There are some children who have learning difficulties or health problems, and no-one can give a diagnosis to explain the cause of these problems.
Even though most people do not realise it, having an ‘undiagnosed condition in children’ is actually quite common. It is thought that about half (50%) of children with learning difficulties have no definite diagnosis. Children without a diagnosis are still entitled to receive healthcare, education, benefits and services that are appropriate to their particular needs, but their parents often find that it is more difficult to access information, services and support.
“If you have a diagnosis you’re on some sort of track. Without a diagnosis it feels like you’re lost in a swamp.”
“If you are able to go in and say ‘He’s got so and so disease’ then they go ’Okay that is fine.’ But you can’t. You have to go back from birth when you were first told, and explain the whole thing.”
Genetic Alliance UK (www.geneticalliance.org.uk) has been working with parents of children who have no diagnosis to try to understand their experiences and gather advice for other parents in the same situation. Here are just a few tips that parents have given:
“'Without a diagnosis it feels like you’re lost in a swamp'”
• Try to enjoy your child. It is easy to focus on all their problems and forget to enjoy watching them grow up.
• Once you accept your child for who they are, your life becomes easier.
• Try not to worry too much about the future. Try to focus on dealing with each day at a time.
• Raising a child with a disability can be hard work, both physically and emotionally. Don’t be afraid to ask for help
and take help when it is offered.
• Keep a paper trail. Keep copies of all letters, appointments, test results etc in a folder.
• Create a ‘passport’ for your child. This can be a series of flashcards that explain things such as what your child can
and cannot do, what they like/dislike, any health problems they have etc. These can be taken to appointments and
are a quick way of passing on information about your child.
• Take someone else with you to your appointments as a ‘second pair of ears’. This person can take notes of the
discussion you have with the specialist. These can be a great help later on when you try to remember what was said.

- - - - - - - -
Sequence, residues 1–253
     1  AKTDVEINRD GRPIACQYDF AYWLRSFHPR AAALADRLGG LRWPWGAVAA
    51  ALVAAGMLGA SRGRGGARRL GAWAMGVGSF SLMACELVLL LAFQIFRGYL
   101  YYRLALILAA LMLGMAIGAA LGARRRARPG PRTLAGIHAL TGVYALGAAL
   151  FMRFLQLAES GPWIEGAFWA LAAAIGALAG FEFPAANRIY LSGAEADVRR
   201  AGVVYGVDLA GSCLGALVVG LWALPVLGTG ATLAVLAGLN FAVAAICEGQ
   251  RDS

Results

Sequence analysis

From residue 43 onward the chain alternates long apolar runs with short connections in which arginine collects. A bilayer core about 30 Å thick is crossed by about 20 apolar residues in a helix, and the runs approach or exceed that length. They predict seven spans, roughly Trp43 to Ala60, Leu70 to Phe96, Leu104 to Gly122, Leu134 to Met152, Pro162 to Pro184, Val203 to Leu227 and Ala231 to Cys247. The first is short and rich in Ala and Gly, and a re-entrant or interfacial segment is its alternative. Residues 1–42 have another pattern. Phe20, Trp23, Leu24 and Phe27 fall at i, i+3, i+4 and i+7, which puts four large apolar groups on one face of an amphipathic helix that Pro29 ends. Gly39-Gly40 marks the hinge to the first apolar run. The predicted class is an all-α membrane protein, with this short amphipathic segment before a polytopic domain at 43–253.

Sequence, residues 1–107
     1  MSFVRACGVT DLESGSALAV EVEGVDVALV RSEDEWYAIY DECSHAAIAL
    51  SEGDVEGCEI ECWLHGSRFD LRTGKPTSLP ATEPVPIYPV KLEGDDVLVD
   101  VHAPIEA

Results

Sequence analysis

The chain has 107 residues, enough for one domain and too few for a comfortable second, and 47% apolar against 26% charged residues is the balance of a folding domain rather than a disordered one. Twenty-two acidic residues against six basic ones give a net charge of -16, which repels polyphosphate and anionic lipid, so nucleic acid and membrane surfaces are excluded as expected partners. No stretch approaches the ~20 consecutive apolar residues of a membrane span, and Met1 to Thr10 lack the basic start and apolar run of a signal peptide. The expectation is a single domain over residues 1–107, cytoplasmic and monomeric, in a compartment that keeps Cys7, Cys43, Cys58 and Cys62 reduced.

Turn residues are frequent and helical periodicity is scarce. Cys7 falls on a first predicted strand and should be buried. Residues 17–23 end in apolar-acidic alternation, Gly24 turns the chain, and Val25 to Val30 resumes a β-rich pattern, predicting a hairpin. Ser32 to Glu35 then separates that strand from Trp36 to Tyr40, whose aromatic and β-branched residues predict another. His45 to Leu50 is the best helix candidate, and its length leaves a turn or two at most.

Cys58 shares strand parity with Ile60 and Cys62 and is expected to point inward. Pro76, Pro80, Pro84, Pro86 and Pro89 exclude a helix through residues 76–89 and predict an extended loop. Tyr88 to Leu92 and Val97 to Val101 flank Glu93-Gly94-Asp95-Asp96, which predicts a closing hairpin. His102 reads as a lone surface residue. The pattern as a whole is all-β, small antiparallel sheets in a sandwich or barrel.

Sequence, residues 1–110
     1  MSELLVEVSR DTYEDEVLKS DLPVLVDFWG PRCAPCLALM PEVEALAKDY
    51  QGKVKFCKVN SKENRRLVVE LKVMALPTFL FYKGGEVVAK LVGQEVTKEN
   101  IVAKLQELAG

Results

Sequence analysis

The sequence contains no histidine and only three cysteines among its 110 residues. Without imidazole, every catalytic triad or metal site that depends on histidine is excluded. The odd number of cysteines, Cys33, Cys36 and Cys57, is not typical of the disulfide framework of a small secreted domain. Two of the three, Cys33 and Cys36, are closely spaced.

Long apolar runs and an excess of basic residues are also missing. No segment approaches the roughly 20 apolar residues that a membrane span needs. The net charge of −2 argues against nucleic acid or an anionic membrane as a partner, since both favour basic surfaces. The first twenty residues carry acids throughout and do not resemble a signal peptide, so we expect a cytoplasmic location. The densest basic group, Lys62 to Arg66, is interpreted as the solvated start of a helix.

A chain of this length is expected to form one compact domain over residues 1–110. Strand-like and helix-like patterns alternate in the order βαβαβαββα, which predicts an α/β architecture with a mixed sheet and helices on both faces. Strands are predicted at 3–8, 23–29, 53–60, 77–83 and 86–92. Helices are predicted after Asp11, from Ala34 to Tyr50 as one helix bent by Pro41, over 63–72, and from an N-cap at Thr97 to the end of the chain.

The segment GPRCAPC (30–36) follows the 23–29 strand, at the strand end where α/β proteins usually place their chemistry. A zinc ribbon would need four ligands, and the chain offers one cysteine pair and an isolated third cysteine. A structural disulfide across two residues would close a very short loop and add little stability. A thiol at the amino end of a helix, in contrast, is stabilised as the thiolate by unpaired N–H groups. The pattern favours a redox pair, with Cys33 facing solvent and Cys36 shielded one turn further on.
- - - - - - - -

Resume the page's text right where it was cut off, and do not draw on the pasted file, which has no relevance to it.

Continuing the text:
• Don’t be afraid to chase things up and be persistent.
• Not having a ‘name’ for your child’s condition can make it difficult when filling out forms. You find you end up writing
‘undiagnosed condition’. Having a letter from your consultant that explains what this means can be helpful.
• Try to make siblings feel involved in caring for their disabled brother or sister.
“Even if we had a diagnosis, he’s still Charlie to me. It’s not going to change him in the slightest.”
“We have got no diagnosis, she is just Lisa, she is just unique. But to be honest with you, we get so much enjoyment out of her it totally outweighs any problems.”
Genetic Alliance UK is currently working on a booklet for parents of children with undiagnosed conditions. This will be available early in 2011 and you will be able to download a copy from their website www.geneticalliance.org.uk . Or you can contact Genetic Alliance UK on 020 77043141 to request a copy.
Genetic Alliance UK is the national charity of over 130 patient organisations supporting all those affected by genetic conditions. If you would like to make a donation to support their work with families with children with no diagnosis go to http://geneticalliance.org.uk/donate.htm
Genetic Alliance UK is also one of the charities that you can support with your KidStart savings www.kidstart.co.uk. Why not consider allocating a percentage of what you save to support their work?
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